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3.4 out of 5 stars
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3.4 out of 5 stars
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VINE VOICEon 13 June 2008
On finding this book as similar to things that I had previously read- I felt it was right up my street with regard to my interests and the suchlike- combining some of my favourite topics. I was not to be dissapointed, an interesting story, combining personal anecdotes about how even the most clever person cannot second guess the power of the stock market makes this an unmissable read for anyone interested in the world around them.

After the slightly slow start and repetitive moments at times- this book really gets started and moves into full swing. Easy explainations for those with no previous knowledge and references for those with makes it great for all levels. Whilst I felt I may have heard some of this before I could not put it down and it left me wanting to know more about the world around me.
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on 18 July 2004
This is an excellent book. I notice that some of the reviewers on the Amazon US site were a little critical - I suspect that they misunderstood what the book was about before they bought it.
Just to clarify, this book is not a 'Fail-safe Share Dealing' book. In fact, at no point does the book even suggest which strategies may be the best - it picks holes in them all.
Instead, the book provides an introduction to share trading in a light-hearted style. Starting with the psychology of investors, it moves on to share evaluation techniques like examining 'fundamentals'. At the end it moves on to the mathematical techniques used by some traders.
Mostly philosophical, it does contain some maths (probably anyone with A-level/1st year undergrad maths will have no trouble with it). A witty, insightful and entertaining book.
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on 9 July 2007
This is a very poor book. Its not clear who the intended audience was meant to be. Its too basic for any market particpant and the explanation of market statsitics is not clear enough for any lay investors. The rest of the text is a confusing explanation of why the autor invested and then stayed invested in Worldcom and lost money. Its difficult to relate the quotes from the press to this book. If it was meant to be amusing then it missed by a mile.
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on 29 May 2005
I was lured into this book by the well-written cover blurb, but sadly that was the best thing about the book. It promises to be an examination of the mathematics of markets, but the analysis is absurdly shallow. Paulos devotes pages to such topics as compound interest, which is presumably well understood by most school children - he never gets much deeper.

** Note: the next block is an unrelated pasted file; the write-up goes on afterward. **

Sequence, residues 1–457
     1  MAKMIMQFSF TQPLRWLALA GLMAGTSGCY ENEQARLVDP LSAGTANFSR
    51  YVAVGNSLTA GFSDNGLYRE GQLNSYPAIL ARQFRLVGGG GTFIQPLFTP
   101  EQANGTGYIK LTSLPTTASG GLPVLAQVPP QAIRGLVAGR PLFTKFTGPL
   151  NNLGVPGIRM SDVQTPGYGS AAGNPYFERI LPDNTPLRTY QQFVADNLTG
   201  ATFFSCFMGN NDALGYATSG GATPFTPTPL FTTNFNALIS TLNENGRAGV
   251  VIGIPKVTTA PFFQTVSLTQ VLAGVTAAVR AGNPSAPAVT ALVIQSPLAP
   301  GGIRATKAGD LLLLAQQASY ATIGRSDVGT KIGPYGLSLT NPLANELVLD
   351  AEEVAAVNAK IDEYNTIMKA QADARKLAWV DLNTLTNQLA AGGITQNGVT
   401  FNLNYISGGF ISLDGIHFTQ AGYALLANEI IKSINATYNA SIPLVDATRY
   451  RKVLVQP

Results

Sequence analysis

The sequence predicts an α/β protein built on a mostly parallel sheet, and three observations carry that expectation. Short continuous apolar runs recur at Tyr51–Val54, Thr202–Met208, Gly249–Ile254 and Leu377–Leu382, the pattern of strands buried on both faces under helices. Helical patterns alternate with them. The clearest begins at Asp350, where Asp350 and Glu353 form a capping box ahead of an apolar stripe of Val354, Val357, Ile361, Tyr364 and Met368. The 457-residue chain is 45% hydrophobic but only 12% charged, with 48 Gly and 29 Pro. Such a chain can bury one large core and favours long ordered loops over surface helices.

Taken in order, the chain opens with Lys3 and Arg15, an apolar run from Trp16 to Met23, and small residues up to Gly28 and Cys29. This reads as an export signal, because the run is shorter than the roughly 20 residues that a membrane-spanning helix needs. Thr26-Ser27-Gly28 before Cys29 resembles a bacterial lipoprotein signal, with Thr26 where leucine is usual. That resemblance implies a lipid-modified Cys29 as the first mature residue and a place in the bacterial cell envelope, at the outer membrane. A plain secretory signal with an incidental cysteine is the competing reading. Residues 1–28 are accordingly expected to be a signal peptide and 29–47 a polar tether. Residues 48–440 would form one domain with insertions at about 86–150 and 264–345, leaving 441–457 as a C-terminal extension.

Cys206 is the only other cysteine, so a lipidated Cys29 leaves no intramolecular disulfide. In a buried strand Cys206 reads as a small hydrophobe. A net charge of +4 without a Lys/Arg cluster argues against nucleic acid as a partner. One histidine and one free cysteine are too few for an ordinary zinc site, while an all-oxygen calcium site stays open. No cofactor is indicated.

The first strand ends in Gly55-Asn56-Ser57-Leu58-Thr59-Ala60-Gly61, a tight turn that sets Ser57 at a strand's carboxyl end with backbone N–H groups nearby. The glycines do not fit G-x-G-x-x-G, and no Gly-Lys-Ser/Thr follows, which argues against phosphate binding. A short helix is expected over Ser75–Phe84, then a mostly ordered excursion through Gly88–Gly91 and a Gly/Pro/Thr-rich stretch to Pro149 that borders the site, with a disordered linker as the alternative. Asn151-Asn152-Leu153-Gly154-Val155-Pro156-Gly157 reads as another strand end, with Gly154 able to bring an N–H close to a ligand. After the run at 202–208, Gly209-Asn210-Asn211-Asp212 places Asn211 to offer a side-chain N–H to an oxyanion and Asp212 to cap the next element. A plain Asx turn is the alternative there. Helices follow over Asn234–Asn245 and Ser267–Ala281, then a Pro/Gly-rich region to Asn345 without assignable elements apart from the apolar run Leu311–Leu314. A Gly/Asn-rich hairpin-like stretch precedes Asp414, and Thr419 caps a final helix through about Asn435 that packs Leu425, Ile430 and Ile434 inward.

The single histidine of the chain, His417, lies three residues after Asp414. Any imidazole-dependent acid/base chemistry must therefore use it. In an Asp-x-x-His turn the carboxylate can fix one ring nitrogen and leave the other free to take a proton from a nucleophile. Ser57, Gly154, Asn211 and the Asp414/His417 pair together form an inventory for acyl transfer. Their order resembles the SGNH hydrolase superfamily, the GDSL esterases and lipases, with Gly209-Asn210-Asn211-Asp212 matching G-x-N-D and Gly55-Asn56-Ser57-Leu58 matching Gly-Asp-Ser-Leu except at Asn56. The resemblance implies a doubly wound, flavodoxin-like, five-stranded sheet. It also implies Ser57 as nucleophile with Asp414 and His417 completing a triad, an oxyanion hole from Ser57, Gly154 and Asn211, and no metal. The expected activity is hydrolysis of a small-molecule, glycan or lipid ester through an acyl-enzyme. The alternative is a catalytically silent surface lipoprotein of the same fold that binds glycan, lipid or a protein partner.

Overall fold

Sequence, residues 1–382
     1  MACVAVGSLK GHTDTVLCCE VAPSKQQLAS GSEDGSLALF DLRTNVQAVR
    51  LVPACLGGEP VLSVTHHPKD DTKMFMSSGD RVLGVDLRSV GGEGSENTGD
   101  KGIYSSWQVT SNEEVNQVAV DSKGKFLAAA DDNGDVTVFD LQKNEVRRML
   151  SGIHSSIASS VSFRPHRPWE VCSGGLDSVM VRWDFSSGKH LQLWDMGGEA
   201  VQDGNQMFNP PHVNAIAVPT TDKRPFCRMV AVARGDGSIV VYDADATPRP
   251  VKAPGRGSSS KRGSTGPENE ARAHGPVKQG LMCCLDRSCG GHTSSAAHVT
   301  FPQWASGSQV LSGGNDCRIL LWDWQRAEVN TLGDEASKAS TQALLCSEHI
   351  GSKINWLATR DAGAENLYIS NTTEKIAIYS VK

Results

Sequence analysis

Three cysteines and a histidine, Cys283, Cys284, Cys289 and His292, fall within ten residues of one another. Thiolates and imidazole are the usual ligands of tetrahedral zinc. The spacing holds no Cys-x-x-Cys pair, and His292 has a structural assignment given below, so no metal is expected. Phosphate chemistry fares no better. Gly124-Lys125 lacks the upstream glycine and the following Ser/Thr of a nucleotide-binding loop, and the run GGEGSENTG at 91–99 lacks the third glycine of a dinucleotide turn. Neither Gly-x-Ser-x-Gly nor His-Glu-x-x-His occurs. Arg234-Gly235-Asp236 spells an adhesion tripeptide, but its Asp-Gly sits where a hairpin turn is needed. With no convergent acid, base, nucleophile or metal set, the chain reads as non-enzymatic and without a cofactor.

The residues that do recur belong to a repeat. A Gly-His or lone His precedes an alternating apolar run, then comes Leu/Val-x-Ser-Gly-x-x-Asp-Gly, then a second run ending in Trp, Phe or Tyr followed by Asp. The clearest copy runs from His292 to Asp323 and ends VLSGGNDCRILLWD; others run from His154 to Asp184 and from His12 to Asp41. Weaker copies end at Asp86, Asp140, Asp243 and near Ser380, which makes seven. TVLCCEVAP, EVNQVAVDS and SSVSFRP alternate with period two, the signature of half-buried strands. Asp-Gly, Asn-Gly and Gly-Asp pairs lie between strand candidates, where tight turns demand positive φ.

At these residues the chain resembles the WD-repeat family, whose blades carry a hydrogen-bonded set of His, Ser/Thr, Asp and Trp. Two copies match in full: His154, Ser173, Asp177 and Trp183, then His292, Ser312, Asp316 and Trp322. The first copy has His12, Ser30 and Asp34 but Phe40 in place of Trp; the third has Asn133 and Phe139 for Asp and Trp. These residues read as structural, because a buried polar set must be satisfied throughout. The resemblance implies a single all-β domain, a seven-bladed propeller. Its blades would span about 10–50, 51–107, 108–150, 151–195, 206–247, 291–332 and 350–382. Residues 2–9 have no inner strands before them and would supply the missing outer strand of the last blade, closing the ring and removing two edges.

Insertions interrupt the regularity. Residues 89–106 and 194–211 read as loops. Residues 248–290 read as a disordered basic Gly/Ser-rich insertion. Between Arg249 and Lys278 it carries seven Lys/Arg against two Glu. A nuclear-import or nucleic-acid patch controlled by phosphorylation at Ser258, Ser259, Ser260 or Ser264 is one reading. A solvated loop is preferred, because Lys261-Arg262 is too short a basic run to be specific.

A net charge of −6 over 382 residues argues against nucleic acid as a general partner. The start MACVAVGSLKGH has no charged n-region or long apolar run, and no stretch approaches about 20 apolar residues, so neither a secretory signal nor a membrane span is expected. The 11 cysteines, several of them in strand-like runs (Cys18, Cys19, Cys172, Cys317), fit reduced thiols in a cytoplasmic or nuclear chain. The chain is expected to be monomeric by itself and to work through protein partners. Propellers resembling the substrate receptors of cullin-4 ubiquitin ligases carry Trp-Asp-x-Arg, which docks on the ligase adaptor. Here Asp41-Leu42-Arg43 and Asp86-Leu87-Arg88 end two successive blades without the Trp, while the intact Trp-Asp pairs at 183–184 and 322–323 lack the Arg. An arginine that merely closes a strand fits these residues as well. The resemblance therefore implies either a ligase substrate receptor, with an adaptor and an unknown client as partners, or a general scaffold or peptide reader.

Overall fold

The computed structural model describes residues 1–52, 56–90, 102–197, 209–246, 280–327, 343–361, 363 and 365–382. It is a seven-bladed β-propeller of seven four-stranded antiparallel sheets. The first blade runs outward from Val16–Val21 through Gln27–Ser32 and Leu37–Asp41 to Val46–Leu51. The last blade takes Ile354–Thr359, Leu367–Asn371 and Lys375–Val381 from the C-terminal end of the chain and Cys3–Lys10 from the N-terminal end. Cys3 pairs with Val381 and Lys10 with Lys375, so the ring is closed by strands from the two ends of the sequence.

The book is actually reasonably entertaining, with some interesting little mathematical paradoxes and anecdotes, but overall it is poorly written and unfocused. At one point Paulos essentially admits he wrote the book to try and recoup his losses on the market. The feeling that the author is dashing off the book to make money is hard to shake.
The book might be a good introduction for someone completely new to the stock market, however, the extremely shallow treatment will frustrate anyone looking for more.
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on 10 October 2004
The author is no doubt a great mathematician. But in reading this book I couldn't avoid to remember a film about playing poker by Matt Damon and John Malkovich. There is well shown how, when one knows well the principles of the play, and there aren't many, winning in poker is a question of human psychology and knowledge. John Allen Paulos knows all calculus necessary to play in stock market but he hasn't the instinct of a poker player or a gambler, and I think stock market has much, very much of that. Furthermore when he lets himself to play his intuition and makes a choice for WorldCom as he thinks is a modern business his instinct fails.
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on 31 October 2015
In his book, Paulos's approach to stock markets, human belief and the mathematics of decision is refreshingly different. To the novice and the initiated alike, the book offers a well-informed, yet unambiguously presented, account of how we as investors reason the way we do and a solid attempt to explore why. It is a rather friendly introduction to market movements as constructs of human expectation, our perceptions and misperceptions of probability and often our conviction for specific outcomes, mostly grounded on raw belief; While written 12 years ago, Paulos's work is of clear historical significance; it is a clear introduction to markets' primordial laws and paradoxes that mathematics make quite clear to the one who cares to notice, and must be read and viewed in the context of the booms and busts, crises and panics that occurred since modern-time markets.
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on 19 June 2005
This book seems to have dissappointed a few reviewers; I suspect that some expected a conclusion that helped them play the markets and others, a sophisticated algorithim to explain market behaviour. The book offers neither but is interesting and fun to read which is no mean feat when the subject matter is a rather dry topic.
There are many books about the stock market but few that I enjoyed as much.
I also recommend Richard Thaler on Behavioural Finance, Taleb on Hedging and Dot Con on the Internet bubble. Christopher Fildes is always worth a read too.